- Please Note: There is little evidence in current research that suggests the ideal number of stem cells for treating certain conditions. In one such case, investigated in this peer reviewed paper by B. Carr, et. al., the small number of stem cells found in Bone Marrow Aspirate resulted in similar clinical effects compared to the higher concentration used from Adipose tissue. As our knowledge continues to evolve surrounding indications and specific protocols, these numbers may vary depending on what is being treated.
♦ Open vs. Closed System
- With Bone Marrow Aspiration, commercially available in-house systems are fully enclosed since the cells are collected via syringe and placed directly into concentrating devices.
- For Adipose processing, conical tubes are used for adipose digestion and processing, which is classified as an “open system”. This generally means that the samples are exposed to the outside environment which may affect the contents that are being processed. In academic and industry research facilities, it is typically recommended that samples processed utilizing open containers be placed in a fume hood to limit exposure to the surrounding environment.
♦ Equipment Necessary to Process Samples
- Processing Bone Marrow Concentrate requires a specialized centrifuge designed for concentration of the aspirate. Commercially available kits typically provide syringes, bone marrow collection needles, anticoagulant and concentrating devices.
- Processing Adipose Tissue requires a specialized centrifuge along with additional equipment including incubator water bath and agitator. Commercially available kits also provide syringes, anticoagulant, enzymes and concentrating devices/ processing tubes.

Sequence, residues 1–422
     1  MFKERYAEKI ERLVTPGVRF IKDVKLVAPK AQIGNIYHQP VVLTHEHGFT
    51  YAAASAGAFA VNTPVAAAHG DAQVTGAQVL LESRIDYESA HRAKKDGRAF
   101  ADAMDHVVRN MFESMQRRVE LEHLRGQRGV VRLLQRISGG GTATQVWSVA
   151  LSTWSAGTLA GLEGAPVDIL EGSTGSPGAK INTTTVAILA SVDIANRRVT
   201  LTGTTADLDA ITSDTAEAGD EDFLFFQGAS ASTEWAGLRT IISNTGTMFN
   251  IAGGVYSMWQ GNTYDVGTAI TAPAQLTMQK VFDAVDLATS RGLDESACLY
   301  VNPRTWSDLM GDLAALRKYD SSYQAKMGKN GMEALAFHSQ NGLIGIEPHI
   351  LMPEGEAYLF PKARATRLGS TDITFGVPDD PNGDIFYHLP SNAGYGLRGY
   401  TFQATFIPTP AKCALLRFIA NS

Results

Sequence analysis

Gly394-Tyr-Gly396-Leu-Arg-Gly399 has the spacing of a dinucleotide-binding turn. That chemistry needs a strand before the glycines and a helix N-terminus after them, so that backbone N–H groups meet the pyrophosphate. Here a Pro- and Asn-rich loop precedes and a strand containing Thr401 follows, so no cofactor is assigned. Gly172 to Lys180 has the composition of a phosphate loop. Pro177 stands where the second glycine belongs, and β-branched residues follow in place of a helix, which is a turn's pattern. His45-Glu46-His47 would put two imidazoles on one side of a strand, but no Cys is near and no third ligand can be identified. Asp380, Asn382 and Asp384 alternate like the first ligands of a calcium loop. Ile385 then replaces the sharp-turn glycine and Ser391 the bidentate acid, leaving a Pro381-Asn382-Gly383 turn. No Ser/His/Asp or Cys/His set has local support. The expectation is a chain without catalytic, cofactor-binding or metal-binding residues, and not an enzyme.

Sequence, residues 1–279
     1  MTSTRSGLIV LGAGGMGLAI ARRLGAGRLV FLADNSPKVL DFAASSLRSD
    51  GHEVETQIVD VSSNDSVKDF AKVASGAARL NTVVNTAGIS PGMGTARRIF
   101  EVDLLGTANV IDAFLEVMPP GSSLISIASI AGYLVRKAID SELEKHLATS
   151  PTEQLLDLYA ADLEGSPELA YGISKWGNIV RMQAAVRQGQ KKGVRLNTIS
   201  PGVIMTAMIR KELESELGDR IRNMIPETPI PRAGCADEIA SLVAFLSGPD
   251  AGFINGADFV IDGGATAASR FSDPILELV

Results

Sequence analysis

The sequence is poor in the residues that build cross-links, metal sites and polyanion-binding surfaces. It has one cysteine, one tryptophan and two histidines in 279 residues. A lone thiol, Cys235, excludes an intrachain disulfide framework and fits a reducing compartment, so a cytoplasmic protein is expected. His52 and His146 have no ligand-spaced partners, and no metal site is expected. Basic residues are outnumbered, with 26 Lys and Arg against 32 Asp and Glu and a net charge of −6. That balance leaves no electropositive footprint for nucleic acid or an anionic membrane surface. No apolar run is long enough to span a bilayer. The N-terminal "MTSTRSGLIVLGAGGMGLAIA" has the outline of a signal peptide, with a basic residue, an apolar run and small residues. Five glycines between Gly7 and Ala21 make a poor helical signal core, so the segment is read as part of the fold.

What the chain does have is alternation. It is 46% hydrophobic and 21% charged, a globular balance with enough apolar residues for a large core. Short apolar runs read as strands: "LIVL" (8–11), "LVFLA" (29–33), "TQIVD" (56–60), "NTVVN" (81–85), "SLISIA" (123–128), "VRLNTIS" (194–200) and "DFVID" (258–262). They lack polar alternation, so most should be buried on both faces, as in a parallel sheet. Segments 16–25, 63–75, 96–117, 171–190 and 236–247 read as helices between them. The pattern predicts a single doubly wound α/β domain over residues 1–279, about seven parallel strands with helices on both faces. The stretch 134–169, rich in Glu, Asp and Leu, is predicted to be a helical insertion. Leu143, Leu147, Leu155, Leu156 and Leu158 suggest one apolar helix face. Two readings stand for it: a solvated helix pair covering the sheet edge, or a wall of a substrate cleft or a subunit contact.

AND THE WINNER IS………………………Well, there really isn’t a winner or a loser in this case. Both Adipose and Bone Marrow Derived Stem Cells can be collected, processed and administered in the same day. Granted, there are differences in the processing times, cell concentrations and collection techniques, however, both therapies provide clinically effective results for similar indications. Deciding which tissue to collect stem cells from is dependent on personal preferences and training. There are numerous educational courses that provide hands-on instruction for either collection technique. If you are interested in learning bone marrow collection and processing, check out one of our upcoming Companion Regenerative University courses. The most important question to ask is “What is my goal for providing this therapy?”. If you answer that question, you may come out with your own Adipose vs. Bone Marrow Derived Stem Cell winner.
Stay tuned for our next blog which will investigate the role of White Blood Cells and their inclusion or exclusion in Platelet Rich Plasma!
- The comparison of multilineage differentiation of bone marrow and adipose-derived mesenchymal stem cells. Xishan Zhu, Jing Du, Gang Liu. Clin Lab. 2012; 58(9-10): 897–903.
- Partial Cranial Cruciate Ligament Tears Treated with Stem Cell and Platelet-Rich Plasma Combination Therapy in 36 Dogs: A Retrospective Study. Canapp S.O. Jr, Leasure C.S., Cox K., Ibrahim V. and Carr B.J. (2016) Front. Vet. Sci. 3:112. doi: 10.3389/fvets.2016.00112
- Y.-M. Pers, M. Ruiz, D. Noël, C. Jorgensen, Mesenchymal stem cells for the management of inflammation in osteoarthritis: state of the art and perspectives, Osteoarthritis and Cartilage, Volume 23, Issue 11, November 2015, Pages 2027-2035, ISSN 1063-4584, http://dx.doi.org/10.1016/j.joca.2015.07.004.